Australia needs to better target its investor incentives and follow the UK’s lead on several policies in order to address a “major funding gap” for deep tech firms, according to former Innovation and Science Australia chief executive Dr Charlie Day.
In a submission to Treasury’s review of the 2016 venture capital tax concessions, Dr Day, who was the inaugural chief executive officer of Innovation and Science Australia, and IP Group Australia managing director Michael Molinari, called on the federal government to implement a number of reforms around the scheme and copy some of the policies recently introduced in the UK.
Venture capital has a crucial role in addressing the funding gap for deep tech startups in Australia, the pair said, and the current investor tax concessions need to be better targeted to improve this situation.
They argue that an Early-Stage Innovation Company (ESIC) fund should be introduced, for losses from investments in ESICs to qualify for deductions, and for a new Knowledge Intensive Company category to be implemented to help address Australia’s commercialisation woes.
Australia still has a significant issue with funding deep tech firms, Dr Day and Mr Molinari said in the submission.
“A healthy deep tech investment ecosystem is critically important to Australia’s future prosperity, and closely aligned with key Australian government initiatives,” they said.
“To better address current needs and policy goals, in particular in deep technology, there is a need to consider more active support through further iteration of the venture capital programs, and in particular the ESIC program.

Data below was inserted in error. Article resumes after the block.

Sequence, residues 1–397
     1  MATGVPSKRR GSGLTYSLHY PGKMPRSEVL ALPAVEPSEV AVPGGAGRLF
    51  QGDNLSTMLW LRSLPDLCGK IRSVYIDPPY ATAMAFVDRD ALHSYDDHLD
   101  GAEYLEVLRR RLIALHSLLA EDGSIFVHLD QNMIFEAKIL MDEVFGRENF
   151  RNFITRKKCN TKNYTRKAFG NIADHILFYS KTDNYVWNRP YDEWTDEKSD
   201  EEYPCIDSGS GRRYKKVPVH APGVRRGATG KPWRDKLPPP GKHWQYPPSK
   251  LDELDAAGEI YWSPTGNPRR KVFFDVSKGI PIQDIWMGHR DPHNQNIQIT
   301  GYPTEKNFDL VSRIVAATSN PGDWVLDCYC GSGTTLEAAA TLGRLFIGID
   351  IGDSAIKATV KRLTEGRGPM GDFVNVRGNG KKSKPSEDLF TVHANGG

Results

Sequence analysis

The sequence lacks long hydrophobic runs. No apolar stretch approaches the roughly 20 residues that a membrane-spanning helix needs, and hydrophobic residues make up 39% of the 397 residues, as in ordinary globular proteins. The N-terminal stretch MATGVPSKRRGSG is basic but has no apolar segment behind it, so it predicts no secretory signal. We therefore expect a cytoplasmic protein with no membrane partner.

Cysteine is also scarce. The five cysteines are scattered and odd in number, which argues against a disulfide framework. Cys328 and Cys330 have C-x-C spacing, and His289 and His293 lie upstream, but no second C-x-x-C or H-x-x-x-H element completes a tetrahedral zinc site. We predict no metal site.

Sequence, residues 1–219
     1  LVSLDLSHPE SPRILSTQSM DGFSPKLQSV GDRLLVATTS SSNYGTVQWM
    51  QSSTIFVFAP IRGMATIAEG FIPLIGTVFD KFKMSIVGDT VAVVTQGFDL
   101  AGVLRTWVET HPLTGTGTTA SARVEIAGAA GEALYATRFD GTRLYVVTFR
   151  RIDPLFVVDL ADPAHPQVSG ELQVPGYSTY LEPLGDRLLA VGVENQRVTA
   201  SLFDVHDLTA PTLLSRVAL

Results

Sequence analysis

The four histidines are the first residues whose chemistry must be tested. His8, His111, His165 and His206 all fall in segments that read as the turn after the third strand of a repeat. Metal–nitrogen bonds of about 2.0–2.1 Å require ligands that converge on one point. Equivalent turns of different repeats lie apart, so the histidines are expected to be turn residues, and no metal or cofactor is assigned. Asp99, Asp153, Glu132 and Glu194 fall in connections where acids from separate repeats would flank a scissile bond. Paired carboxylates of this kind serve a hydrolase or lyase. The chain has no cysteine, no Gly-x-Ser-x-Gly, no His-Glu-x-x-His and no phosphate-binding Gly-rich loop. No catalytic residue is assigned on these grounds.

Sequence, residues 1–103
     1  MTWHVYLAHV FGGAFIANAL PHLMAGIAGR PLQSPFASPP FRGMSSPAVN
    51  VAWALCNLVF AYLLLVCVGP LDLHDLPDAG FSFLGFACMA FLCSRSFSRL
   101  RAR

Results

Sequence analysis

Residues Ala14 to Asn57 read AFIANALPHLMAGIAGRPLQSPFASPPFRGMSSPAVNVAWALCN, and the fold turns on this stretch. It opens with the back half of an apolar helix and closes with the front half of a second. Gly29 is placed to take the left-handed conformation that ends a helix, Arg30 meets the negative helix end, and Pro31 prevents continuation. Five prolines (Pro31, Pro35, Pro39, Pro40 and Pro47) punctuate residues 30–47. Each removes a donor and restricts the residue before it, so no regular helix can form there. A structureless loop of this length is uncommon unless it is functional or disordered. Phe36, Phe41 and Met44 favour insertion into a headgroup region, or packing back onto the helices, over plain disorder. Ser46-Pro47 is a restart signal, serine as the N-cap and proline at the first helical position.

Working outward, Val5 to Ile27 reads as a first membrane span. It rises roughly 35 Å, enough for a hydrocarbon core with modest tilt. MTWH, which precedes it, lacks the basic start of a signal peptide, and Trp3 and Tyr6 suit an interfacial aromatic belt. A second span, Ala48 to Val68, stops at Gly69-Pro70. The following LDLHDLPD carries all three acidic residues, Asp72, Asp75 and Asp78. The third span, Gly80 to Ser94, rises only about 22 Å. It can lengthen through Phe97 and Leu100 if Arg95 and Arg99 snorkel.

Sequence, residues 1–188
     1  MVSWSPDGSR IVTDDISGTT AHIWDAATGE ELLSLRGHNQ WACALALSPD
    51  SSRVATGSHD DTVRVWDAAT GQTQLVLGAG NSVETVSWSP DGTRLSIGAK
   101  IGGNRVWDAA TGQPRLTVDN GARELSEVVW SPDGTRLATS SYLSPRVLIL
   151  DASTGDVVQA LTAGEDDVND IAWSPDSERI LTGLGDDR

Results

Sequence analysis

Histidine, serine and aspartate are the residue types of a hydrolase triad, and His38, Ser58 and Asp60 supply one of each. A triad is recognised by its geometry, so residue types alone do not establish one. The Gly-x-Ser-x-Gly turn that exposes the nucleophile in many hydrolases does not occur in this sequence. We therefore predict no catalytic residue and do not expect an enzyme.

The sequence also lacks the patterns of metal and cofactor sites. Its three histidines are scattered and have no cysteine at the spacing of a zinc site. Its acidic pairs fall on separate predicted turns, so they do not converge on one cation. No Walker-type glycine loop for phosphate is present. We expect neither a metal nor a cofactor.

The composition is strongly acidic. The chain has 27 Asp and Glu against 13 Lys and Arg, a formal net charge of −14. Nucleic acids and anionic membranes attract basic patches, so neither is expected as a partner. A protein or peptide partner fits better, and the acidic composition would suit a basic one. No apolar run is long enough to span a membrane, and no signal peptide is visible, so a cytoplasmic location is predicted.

“As such, we argue that more attractive, better targeted incentives can drive more investment into priority areas and thus achieve the policy goal of stimulating additive investment of private capital.”
Under the current scheme, investors looking to chip in to early-stage companies can either do this through an Early-Stage Venture Capital Limited Partnership (ESVCLP) fund or as an individual and receive the associated incentives under the ESIC scheme.
But Dr Day and Mr Molinari argued that a new ESIC fund structure should be established to better facilitate investment in early-stage companies.
“Whilst there should always be a place for experienced angel investors to invest as they see fit, better mechanisms to bring investors together in the deep tech environment would, in our view, result in more and better investment in that sector,” they said in the submission.
Losses from early-stage investments should also be deductible under the scheme, they said, with the current situation not reflecting the reality of startups.
“This does not recognise the reality that the majority of early-stage companies will fail and result in a loss to the investor; it is more likely that an investor will lose money than generate a positive return on any given investment,” the pair said.
The UK government recently introduced the Knowledge Intensive Company category to its own scheme, defined as a company carrying out work to create intellectual property and expecting the majority of its business to come from this within the next decade.
The two experts are now urging the Australian government to also adopt this new category of company.
“We believe that introducing a similar definition here in Australia and providing additional incentives for investing in qualifying companies would create a step change in our ability to create industry-defining and industry-creating knowledge-based companies from our university research and elsewhere,” they said.
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